One of these 12 people will join Cincinnati Council next year
Twelve people are still in the running to join Cincinnati City Council next year. The final choice will fill an upcoming vacancy when Greg Landsman resigns to join Congress as Representative for Ohio's First District.
Thirty-eight people submitted full applications to Council Member Reggie Harris, who will make the final selection. Two withdrew their applications and Harris has narrowed the list to twelve candidates:
- Gavi Begtrup
- Galen Gordon
- Jaime Castle
- Angelica Hardee
- Cam Hardy
- Evan Nolan
- Michelle Dillingham
- Alyson Beridon
- Seth Walsh
- Jackie Frondorf
- Te'Airea Powell
- Bree Moss
The new council member will serve the rest of Landsman's term through the end of 2023, but Harris and the other seven Democrats on council are keen to see someone who can win next year's election for another two-year term.
The short list includes four names considered front-runners prior to the announcement of this new application process: Alyson Beridon, Jaime Castle, Jackie Frondorf, and Seth Walsh.
Michelle Dillingham is also on the short list, and she has a lot of public support for the appointment. Several people spoke to a council committee Tuesday morning advocating for her. Dillingham ran for council in the last three elections, coming in 10th place in 2021 and 2017, and 12th place in 2013.
Harris plans to announce the final choice the week of Dec. 12.
Nine people have pulled petitions to run for Cincinnati Council in 2023 for the term beginning in 2024: current council members Reggie Harris, Mark Jeffreys, Liz Keating, and Meeka Owens; as well as Andrew Kennedy, Linda Matthew, Boyd T. Miller, Stephan Pryor, and Seth Walsh.
Short List of Applicants
Scroll down to see each candidate's cover letter, resume, and answers to application questions.
Gavi Begtrup describes himself as a "serial entrepreneur," "creative strategist" and "inspirational leader." Begtrup founded Polymath Strategies, a business consulting firm, in 2012. He spent about three years as a policy advisory to Rep. Gabrielle Giffords (D-Arizona)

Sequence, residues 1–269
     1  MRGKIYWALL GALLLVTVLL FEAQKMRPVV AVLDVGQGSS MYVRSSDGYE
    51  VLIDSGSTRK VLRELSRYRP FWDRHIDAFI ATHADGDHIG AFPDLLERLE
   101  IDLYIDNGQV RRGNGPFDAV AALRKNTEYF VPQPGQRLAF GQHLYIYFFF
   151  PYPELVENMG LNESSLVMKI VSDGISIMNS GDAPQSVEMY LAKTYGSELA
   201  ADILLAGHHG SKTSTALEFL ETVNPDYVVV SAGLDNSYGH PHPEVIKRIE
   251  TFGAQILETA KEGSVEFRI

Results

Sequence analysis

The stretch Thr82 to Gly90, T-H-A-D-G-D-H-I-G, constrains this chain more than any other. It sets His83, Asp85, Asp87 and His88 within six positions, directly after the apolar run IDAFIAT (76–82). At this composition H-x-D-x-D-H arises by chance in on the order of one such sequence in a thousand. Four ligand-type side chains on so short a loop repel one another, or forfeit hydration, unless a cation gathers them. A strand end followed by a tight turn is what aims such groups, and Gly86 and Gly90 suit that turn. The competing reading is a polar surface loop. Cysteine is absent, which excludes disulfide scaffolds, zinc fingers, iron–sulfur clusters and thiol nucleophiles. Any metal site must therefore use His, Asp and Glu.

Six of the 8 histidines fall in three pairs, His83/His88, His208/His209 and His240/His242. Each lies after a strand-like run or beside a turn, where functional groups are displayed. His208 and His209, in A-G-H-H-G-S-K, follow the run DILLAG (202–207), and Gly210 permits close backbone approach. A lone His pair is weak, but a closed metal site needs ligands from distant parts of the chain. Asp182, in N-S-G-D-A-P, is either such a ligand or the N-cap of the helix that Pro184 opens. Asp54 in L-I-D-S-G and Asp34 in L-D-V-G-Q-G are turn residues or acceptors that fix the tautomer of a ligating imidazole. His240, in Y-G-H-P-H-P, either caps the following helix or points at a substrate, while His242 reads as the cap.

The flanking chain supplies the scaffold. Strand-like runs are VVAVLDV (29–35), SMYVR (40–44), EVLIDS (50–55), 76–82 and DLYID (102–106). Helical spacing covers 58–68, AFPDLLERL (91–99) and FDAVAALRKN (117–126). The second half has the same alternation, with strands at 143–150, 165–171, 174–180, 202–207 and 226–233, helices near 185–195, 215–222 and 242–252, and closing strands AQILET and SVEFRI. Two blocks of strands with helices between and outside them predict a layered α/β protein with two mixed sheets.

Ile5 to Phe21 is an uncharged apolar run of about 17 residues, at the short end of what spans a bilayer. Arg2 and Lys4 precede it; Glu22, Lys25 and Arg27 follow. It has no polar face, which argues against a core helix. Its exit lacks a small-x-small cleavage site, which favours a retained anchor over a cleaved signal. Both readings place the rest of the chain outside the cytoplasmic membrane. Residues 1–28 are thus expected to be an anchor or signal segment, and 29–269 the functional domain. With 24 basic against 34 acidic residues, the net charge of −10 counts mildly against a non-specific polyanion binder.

"I'm asking to be appointed to council because I want to serve the people of Cincinnati," Begtrup said in his application. "As a Democrat, I believe that government is a force for good. As a progressive, I believe that we can always do better."
Begtrup ran for Cincinnati Mayor in the 2021 primary, coming in fourth place out of six candidates with 3,229 votes (about 9.5% of the vote total). He ran in the Democratic primary for Ohio House District 27 in 2022, getting about 37.6% of the vote behind Rachel Baker (who went on to win the district). Begtrup says his campaign account still has more $70,000 available for a future campaign.
Galen Gordon is director of Sales and Marketing for Kinley Cincinnati Hotel. He says in the application he has a unique view of how Cincinnati functions. "For too long, Council seemed to react to issues and resident concerns," he said. "I believe in a regional approach to local government with partnerships with our neighboring municipalities when appropriate."
Gordon ran for council in 2021, coming in 26th place out of 35 candidates for nine seats. He received 4,210 votes, about 1% of the total (compared to 4.5% to 7.5% for the top nine candidates).
Jaime Castle of Mt. Washington is a teacher with Cincinnati Public Schools, and most recently worked as campaign manager for Rachel Baker's successful run for Ohio House District 27. She's on the executive board for the Mt. Washington Community Council and participated in Action Tank's City Council Boot Camp.